Measuring money—the beer standard
It almost seems as though 7 billion children agreed to pretend that sheets of paper and metal disks have extraordinary value and, therefore, can be exchanged for goods and services. Then, when an adult calls us in for supper, the Monopoly money reverts into paper and cheap metal like Cinderella’s horse-driven carriage reverts into pumpkins and mice.
There's nothing quite like play money.
I mean, isn’t all money play money?
Well, yes and no. Here’s a way to think of money that isn’t too far from the actual history of currency. We start out with gold. Shiny, yellow, rare, and not very reactive. It’s rare: the total volume of gold that has been mined consists of a cube roughly 25 m on a side. It’s shiny: gold doesn’t tarnish, its oxide forms a hard transparent shell around its volume. Silver tarnishes and iron rusts, so they’re not as good because that tarnish and rust comes off and you’re left with less of the good stuff. Gold sticks around.
Gold: I want it and I want it now.
At first, you and I exchange gold for stuff. But neither of us wants to carry around a scale and a tub of water to measure weight and density so that we can check quantity and purity. To make it easier, we have our gold converted to coins. The coins are stamped with a seal of authenticity that’s difficult to counterfeit and the edges are ridged so that we can tell at a glance if someone has filed off a little gratuity. Now we can exchange coins without worrying about them.
Coins scratch cell phones and make ESD. Who needs them?
Because the coins are heavy, it’s kind of a pain to carry them around. They bounce against our cell phones in our pockets and create ESD (electrostatic discharge). If we leave them at home, they can be stolen. So we store our coins in banks. The banks give us paper receipts for our deposits. The receipts are easy to carry so instead of paying gold coins for my beer, I sign over one of my receipts. This way, you can go to the bank and get your gold whenever you want. But why bother? You can just sign that receipt over to your hop growers and yeast providers without having to bother with the gold at all.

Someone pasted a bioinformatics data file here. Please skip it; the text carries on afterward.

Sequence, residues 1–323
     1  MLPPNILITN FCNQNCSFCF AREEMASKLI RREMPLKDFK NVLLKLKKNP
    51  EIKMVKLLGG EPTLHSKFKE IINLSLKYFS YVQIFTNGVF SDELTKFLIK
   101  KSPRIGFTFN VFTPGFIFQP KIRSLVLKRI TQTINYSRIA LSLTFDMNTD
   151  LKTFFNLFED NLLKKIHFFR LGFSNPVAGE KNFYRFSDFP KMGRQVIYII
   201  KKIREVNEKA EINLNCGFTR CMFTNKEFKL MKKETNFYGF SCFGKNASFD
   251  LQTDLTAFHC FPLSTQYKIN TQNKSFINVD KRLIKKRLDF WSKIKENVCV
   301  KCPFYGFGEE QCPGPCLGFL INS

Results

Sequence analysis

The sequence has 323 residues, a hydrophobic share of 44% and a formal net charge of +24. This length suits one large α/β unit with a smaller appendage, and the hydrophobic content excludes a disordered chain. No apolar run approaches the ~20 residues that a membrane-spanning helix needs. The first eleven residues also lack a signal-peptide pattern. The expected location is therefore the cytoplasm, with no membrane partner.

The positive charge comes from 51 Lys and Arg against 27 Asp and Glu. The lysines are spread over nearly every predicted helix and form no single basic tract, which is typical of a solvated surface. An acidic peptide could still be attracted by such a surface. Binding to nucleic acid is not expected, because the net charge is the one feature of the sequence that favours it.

These bank notes are so successful that no one bothers to go to the bank and get the promised gold, they just exchange the notes.
Okay, it’s kind of a silly story. The banknotes are obviously currency, “legal tender for all debts, public and private.”
The real thing: People kill for this stuff.
This is where I start to get confused. You can’t take money to the bank and get gold or silver or iron or anything except a larger number next to your account number on a hard drive. We haven’t even pretended to be on the gold standard in over 40 years. So I read some books and figured it out.
What value does money really have? Well, shockingly, you can spend it and get almost any item or service you desire, including gold—just don’t try to buy it at a bank. The situation hasn’t changed much from when bank notes symbolized the existence of some gold equivalent stashed somewhere that we never visited.
In some sense, instead of being on a “gold standard” we’re on an “everything standard.” After all, circuits, beer, massages, scotch, transistors, vodka, books, wine, engineering, ale, and all the rest are no less arbitrary than gold. Some would argue the things in my list are far more useful than gold.
Ransom’s favorite beers—far better than gold. (photo by Ransom)
So, instead of being on a “gold standard,” money is based on a “beer standard” or an “everything you can buy standard,” take your pick.
There’s no fundamental difference between exchanging money for property than gold, it’s just a different standard, right? I mean, as long as we all agree to keep playing the game.